Tuesday, 6 August 2013

Moth Night, Worthy Societies and Look What I Bought Today

After Yesterday's downpours which arrived late here coming as they did in the afternoon, everything is looking refreshed and the ponds are topped up, which is all Good News for the resident wildlife.

I am planning to put the Moth Box out tonight and this thought has reminded me of two things I wanted to publicise for those of you who don't know about them and might like to take part. The first is that it's Moth Night this week. It runs from Thurs Aug 8th till Sat Aug 10th (so it's really moth three night) and is an annual event run by Butterfly Conservation and Atropos. This is a chance to get involved with all things mothy, and there are various groups round the country running events in support of Moth Night. Here's the web address if you're interested http://www.mothnight.info/www/ 

Butterfly Conservation (which is a noble cause not least because it helps safe-guard moths), currently have a special offer on for membership until the end of this month so it works out at £1.25 a month for a single membership. Here is their website: http://butterfly-conservation.org/

Along similar lines I also wanted to mention the Bumblebee Conservation Trust who do sterling work helping look after these dear creatures. Membership is about £20 a year if memory serves and you get an excellent newsletter at regular intervals packed full of great stuff  as well as Bumblebee ID charts  http://bumblebeeconservation.org/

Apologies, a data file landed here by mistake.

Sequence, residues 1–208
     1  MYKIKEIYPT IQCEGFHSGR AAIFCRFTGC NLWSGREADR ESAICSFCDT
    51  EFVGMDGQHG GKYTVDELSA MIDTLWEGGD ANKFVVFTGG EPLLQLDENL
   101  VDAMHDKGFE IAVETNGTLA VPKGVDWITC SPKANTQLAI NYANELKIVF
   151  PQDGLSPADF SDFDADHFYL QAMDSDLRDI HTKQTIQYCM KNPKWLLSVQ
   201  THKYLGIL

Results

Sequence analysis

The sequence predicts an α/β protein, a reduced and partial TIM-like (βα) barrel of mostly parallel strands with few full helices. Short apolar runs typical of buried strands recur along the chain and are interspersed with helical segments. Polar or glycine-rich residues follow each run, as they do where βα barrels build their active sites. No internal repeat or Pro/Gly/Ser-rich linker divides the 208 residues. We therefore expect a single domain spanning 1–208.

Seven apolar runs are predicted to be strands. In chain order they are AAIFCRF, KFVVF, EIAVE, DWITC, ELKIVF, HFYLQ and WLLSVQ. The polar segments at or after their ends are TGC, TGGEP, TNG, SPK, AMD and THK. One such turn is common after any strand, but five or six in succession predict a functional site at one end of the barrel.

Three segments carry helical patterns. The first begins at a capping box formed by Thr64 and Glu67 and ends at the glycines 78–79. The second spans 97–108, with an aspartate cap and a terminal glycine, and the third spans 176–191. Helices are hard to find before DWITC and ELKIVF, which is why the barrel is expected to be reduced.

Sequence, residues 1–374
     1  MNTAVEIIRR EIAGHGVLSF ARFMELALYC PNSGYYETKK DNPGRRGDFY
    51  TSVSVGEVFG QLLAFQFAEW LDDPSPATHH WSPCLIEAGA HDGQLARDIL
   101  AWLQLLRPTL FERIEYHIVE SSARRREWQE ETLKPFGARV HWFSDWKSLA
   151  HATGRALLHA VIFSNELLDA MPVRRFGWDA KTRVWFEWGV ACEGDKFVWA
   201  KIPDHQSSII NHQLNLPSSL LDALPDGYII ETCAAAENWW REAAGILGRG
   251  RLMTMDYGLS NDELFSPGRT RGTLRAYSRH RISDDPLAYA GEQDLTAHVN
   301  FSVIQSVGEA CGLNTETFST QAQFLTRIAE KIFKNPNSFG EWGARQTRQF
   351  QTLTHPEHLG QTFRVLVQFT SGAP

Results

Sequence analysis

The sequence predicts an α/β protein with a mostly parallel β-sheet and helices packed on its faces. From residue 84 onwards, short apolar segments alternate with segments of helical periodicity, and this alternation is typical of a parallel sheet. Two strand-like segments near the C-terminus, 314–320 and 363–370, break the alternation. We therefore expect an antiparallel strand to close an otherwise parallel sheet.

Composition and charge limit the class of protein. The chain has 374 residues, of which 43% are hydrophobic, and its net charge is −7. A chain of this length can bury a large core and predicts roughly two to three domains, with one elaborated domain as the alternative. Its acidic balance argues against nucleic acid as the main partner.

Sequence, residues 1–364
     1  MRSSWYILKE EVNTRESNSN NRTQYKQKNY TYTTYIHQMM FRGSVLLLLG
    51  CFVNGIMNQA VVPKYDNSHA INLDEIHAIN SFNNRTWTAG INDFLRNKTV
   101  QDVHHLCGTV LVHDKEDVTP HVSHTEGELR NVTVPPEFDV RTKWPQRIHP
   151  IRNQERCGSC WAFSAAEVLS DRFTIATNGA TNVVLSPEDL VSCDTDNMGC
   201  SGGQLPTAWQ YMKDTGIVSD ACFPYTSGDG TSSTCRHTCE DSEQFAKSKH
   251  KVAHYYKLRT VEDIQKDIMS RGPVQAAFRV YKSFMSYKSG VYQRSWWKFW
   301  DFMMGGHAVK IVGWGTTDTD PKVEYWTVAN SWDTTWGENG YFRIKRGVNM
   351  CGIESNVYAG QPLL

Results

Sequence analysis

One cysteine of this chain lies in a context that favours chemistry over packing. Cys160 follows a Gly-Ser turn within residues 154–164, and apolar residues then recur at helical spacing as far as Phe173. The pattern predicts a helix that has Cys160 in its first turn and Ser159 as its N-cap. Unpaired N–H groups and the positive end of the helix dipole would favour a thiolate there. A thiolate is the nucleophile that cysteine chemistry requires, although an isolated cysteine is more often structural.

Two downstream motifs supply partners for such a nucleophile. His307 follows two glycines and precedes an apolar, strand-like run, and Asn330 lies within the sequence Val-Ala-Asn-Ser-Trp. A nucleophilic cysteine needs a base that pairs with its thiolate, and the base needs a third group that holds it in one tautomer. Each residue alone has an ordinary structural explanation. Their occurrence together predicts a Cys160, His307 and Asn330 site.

On the subject of moths, I have now recorded my Hummingbird Hawkmoth sighting with the National Moth Recording Scheme (here).
These amazing moths come over from Africa and as the climate warms so their sightings increase.  1242 of them were recorded in 2012, and the number for this year currently stands at 232. How nice to have some Good News when it comes to wildlife (and how remarkable to think my HBHM might have come all the way from Northern Africa to our garden!).

Staying with the moth theme, I have been shopping today (not for moths, because it did sound a bit like that when I read it back), no- I have been doing My Favourite Kind Of Shopping (apart from  Champagne Shopping, which is really my favourite but I don't do it Very Often for obvious reasons ie we would be broke). I have been shopping for plants and not just any old plants either. 
Earlier in the year you may remember I was busy making the garden as bee friendly as possible. Well, since the construction of our second pond we now have another space available for planting and I decided I would make this one for moth-friendly plants (many of which also happen to be bee and butterfly friendly too which is v handy).